Consider Vadinho’s statement, “I love you, and only you”. Here is a perennial excuse, an inexhaustibly serviceable device for neutralizing elementary human respect, a license to kill for mass murderers. If I love you, I can do anything to you, for all is fair in love and war. If I love only you, I need not care about or respect anyone else. Instead of rational consideration of what is best for general human welfare in relationships, dog-eat-dog becomes the guiding ethical principle. The logical result is men who kill each over a woman, or men who happily exterminate someone else’s family to increase the social status of one’s own family. (Middle-class Nazis did this to Jews and Middle-Americans are no different on first principles.) Women play the game, too, using their subservient role to manipulate men for financial security, prestige, or revenge. A sought-after woman may arrogantly accept rivalry among males as proof that her vagina is important enough for men to fight for.

It is open season in the jungle of machismo. Because love is the deepest of human needs, love baits the trap. Those who live by or under the predatory laws of sexism are the predators, or the prey.

This reality is masked by the phrase, “I love only you.” People cannot be honest with themselves or each other. Flor carries in her heart “dark” secrets she dares not communicate to Teodoro, who considers her an angel. These “dark” thoughts are nothing but desires which violate the institutionalized norms of chastity, monogamy, and obedience. As is quite clear from the story, patriarchal society and the Catholic Church responsible for inculcating these norms in her. The consequences are guilt, suppression of heretical ideas, and persistent naiveté. Unreal notions of life and love are thus perpetuated.

The case of Dona Flor is complicated by another important ingredient mixed in with sexism: mind-body dualism. According to this traditional Western philosophical notion mind and body are separate and contradictory. Vadinho is matter: evil, mindless, brutish, but sensual and therefore tempting. Teodoro is spirit: good, orderly, rational, cultured, intellectual — ideal (and unbelievable), but dull. Because goodness is incompatible with sensuality and abandon, unrestrained lust is disrespectful to a cherished wife, and “spiritual” Teodoro must be reserved in his lovemaking. Screwing is for whores. In Flor's case, spiritual propriety demands the suppression of her physical desires.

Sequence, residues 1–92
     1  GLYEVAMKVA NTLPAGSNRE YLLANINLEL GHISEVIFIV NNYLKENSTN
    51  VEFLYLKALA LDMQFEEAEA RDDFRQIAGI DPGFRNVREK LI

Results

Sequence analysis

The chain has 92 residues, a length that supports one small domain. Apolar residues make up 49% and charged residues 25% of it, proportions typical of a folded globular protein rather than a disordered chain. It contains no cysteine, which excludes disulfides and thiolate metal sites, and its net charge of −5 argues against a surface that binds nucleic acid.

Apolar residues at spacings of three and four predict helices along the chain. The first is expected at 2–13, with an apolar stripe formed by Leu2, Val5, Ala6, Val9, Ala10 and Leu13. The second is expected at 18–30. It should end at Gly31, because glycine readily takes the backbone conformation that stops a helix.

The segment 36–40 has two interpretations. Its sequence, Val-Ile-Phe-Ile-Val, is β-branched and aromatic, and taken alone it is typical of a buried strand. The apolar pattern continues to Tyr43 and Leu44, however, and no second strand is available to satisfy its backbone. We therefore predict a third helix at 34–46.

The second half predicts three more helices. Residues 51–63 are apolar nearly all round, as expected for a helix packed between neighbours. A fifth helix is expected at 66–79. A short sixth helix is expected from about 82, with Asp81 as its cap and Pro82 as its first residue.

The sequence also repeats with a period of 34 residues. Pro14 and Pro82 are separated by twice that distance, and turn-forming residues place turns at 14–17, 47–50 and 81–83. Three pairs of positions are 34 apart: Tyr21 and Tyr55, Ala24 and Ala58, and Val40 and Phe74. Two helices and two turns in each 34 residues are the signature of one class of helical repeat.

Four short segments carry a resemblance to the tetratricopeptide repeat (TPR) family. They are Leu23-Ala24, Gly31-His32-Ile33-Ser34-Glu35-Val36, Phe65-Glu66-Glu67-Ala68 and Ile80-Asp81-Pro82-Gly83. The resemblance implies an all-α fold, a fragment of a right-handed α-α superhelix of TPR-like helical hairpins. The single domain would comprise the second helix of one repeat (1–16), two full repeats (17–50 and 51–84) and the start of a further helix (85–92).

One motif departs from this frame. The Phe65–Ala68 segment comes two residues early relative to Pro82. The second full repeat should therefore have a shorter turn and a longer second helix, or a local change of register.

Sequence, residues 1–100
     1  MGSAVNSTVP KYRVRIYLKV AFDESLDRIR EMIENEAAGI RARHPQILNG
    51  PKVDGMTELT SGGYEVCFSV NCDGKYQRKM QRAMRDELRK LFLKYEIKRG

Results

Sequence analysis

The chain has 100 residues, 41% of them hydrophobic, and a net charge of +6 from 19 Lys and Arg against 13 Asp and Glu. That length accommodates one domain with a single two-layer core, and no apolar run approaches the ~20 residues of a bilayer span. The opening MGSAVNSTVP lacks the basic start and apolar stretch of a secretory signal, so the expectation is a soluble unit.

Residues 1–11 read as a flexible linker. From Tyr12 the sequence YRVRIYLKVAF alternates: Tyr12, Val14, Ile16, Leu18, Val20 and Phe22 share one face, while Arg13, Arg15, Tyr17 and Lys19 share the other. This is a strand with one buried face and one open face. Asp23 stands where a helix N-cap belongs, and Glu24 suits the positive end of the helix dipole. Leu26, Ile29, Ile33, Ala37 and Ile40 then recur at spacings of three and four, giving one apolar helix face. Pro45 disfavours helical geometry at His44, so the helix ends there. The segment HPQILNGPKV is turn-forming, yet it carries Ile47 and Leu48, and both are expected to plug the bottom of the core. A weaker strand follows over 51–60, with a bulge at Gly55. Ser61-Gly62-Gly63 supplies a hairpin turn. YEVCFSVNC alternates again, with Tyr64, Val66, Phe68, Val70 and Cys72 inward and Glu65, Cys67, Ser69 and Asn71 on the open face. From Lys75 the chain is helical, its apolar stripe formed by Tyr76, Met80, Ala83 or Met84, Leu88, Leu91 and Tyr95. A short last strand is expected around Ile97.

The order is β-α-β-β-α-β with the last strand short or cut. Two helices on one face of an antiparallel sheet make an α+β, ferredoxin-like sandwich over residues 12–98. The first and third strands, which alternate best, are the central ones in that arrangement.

In reality, the human being is a unitary organism and acts for good and evil as a unit. The equation of body with evil, and mind with good, is naive, even dishonest. This unrealistic notion impedes a holistic and healthy attitude to life.

The unquestioning, unimaginative idiocy of a woman brainwashed into submissiveness is what we find in Flor. Her unshakable axioms are monogamy — for the woman — and sex in marriage only. When she gets two men, she takes not an extramarital lover but her first husband and only after being talked into it.

Why could Flor not fantasize about a kind, considerate person who can also screw? If one can conjure up the spirits of the dead then why not take the pick of the litter? Yes, Flor loved Vadinho, but why? Obviously, her main concern was sexual. A respectful, humane husband was certainly welcome and desirable, but clearly optional. After all, Flor was prompted to seek a second husband out of sexual frustration, not out of a compelling need for intellectual companionship. A man is not indivisibly spirit and matter, a whole human being; he is reducible to a penis, though in this moral tale the penis is only fully effective when the whole man exudes masculine sensuality. When Flor received spirit instead of orgasm from the second husband, she backtracked to the first. Since matter and spirit are incompatible, Flor must receive these two principles from different individuals. This hypocritical solution is Amado's conception of a reconciliation between spirit and matter.